Child’s Pose Adaptations
Although child’s pose is a simple stretch, there are ways to adjust the pose to accommodate an injury or adjust for your fitness level:
Adjust your arm position. If you have any kind of injury to your shoulder or arms and aren’t comfortable stretching them out in front of you, you can adjust the position of your arms to make the pose more comfortable. Try folding your arms in front of your head instead of stretching them out. You can also try stretching your arms in front of you but letting your elbows and forearms rest on the ground.
If you have a significant injury, another option is to let your arms rest by your sides, with the tops of your hands lying against the ground and your fingers pointing behind you.
Use a cushion. If you have any pain in your knees or ankles, you can place a small pillow, cushion, or a folded-up towel or blanket under those areas to reduce the pressure that comes from pressing your legs directly against the ground.
Space your knees out. In a typical child’s pose, your knees should softly touch each other as you hold the pose. However, you may be more comfortable keeping your knees slightly separated, especially if you’re a beginner.
On the other hand, if you want to step things up a little, you can try slowly but actively moving your knees away from each other while you're in child’s pose. This increases the level of difficulty by requiring you to activate your abdominal muscles to provide stability.
Lateral child’s pose. Lateral child’s pose is also slightly more difficult than child’s pose and focuses on your latissimus dorsi muscles.
To perform a lateral child’s pose, sit back on your heels with your knees spread wider than hip-width apart. Extend your arms in front of you as you would for a standard child’s pose, and keep your elbows off the floor. Walk your hands to the right side until your torso lines up with your right knee. Drop your left hip down toward your heel.
Stay here, feeling the stretch for as long as you need, then slowly return to center and repeat on the left side. To intensify the move even further, use blocks under your hands.
Benefits of Child’s Pose
Child’s pose offers many benefits aside from stretching your body. These benefits include:
- Opening your hips
- Lengthening your spine
- Stretching out your ankles
- Relaxing your back muscles
- Relieving any tension in your pelvis
- Increasing blood flow to your head and neck
- Stimulating your digestive system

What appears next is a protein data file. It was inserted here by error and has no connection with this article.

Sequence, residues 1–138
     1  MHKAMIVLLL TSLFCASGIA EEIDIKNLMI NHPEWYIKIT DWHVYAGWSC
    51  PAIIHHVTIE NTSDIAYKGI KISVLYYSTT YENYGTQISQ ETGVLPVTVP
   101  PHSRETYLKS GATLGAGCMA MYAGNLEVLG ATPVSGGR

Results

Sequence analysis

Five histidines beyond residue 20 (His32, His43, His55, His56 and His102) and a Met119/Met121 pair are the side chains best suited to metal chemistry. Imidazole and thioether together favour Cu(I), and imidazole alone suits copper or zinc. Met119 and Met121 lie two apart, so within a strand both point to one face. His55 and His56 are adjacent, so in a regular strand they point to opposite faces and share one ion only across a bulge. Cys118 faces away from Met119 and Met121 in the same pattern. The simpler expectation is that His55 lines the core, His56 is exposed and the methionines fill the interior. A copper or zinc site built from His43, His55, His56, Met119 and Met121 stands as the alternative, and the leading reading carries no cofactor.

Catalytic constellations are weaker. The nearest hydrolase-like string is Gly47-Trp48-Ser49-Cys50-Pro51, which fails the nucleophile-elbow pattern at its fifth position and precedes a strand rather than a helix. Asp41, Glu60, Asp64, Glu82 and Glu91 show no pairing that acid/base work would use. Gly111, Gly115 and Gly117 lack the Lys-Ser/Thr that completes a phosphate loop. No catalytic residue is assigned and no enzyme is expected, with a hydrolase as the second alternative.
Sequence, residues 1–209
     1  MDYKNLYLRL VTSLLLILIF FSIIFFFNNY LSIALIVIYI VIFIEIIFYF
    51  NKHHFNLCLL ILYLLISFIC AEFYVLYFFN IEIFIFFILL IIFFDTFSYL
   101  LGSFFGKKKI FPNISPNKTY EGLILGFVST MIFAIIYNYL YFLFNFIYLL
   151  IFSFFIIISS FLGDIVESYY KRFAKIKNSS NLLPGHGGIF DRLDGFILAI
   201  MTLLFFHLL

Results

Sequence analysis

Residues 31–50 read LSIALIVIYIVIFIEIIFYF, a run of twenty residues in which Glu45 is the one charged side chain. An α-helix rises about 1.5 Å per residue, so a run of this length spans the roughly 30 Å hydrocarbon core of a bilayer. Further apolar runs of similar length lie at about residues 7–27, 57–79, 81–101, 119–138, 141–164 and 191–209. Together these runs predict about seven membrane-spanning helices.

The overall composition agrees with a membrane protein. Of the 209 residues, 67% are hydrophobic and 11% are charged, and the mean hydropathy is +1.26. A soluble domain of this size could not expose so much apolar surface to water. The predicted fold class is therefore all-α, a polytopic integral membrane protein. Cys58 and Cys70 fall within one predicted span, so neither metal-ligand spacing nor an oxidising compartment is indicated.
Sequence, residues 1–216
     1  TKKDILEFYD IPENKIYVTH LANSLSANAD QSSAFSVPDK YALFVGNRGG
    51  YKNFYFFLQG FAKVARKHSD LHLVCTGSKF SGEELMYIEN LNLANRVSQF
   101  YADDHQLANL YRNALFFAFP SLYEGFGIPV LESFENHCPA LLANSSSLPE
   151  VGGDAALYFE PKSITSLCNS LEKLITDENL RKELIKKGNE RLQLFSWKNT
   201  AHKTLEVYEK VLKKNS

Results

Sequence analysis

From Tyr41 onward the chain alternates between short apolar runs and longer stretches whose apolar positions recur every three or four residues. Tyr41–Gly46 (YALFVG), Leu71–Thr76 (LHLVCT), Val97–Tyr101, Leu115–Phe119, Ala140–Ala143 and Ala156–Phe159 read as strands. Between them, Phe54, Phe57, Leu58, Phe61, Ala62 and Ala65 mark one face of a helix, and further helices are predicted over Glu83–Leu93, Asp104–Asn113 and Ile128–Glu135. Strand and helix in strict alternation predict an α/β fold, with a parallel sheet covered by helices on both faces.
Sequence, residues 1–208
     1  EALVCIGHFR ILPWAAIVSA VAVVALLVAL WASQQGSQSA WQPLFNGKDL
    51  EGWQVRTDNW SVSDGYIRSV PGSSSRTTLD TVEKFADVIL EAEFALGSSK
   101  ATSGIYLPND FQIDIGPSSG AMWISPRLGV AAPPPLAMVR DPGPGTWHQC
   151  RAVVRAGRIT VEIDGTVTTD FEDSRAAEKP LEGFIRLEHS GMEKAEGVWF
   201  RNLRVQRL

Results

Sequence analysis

- Potentially relieving constipation
Restorative yoga, including child’s pose, has many benefits, including:
- Calming the nervous system and possibly reducing blood pressure
- Promoting relaxation
- Setting you up for better sleep
- Reducing pain
- Improving your mental well-being
Child’s pose is a great option for stress management because it draws attention to your breath and relaxes your body. A great follow-up to child’s pose is corpse pose. This is another restorative pose that involves laying flat on your back and completely relaxing your body.
Child’s pose is a good move to use during yoga sessions to help reset the body between difficult moves. It allows your muscles to relax and your breathing to stabilize before moving on to your next pose.
Child’s Pose Mistakes to Avoid
There aren’t many mistakes you can make when doing child’s pose as it’s less intense pose meant for relaxation. However, there are a few things to keep in mind:
- Keep your neck relaxed so as not to cause strain
- Relax your jaw and shoulders
- If you begin to get a headache while you're in child’s pose, lift your head slightly to relieve pressure
- Avoid doing child’s pose just after eating, as it may upset your stomach
- Avoid doing child’s pose if you’ve been vomiting or if you've had diarrhea
Don't perform child’s pose if you have injuries to your back, shoulders, or knees. If you have a shoulder injury, such as a rotator cuff injury, adjust your arm position using one of the methods above.
If you’re pregnant, you may still be able to stretch in child’s pose if you separate your knees and avoid putting too much pressure on your abdomen. If you have concerns, talk to your doctor.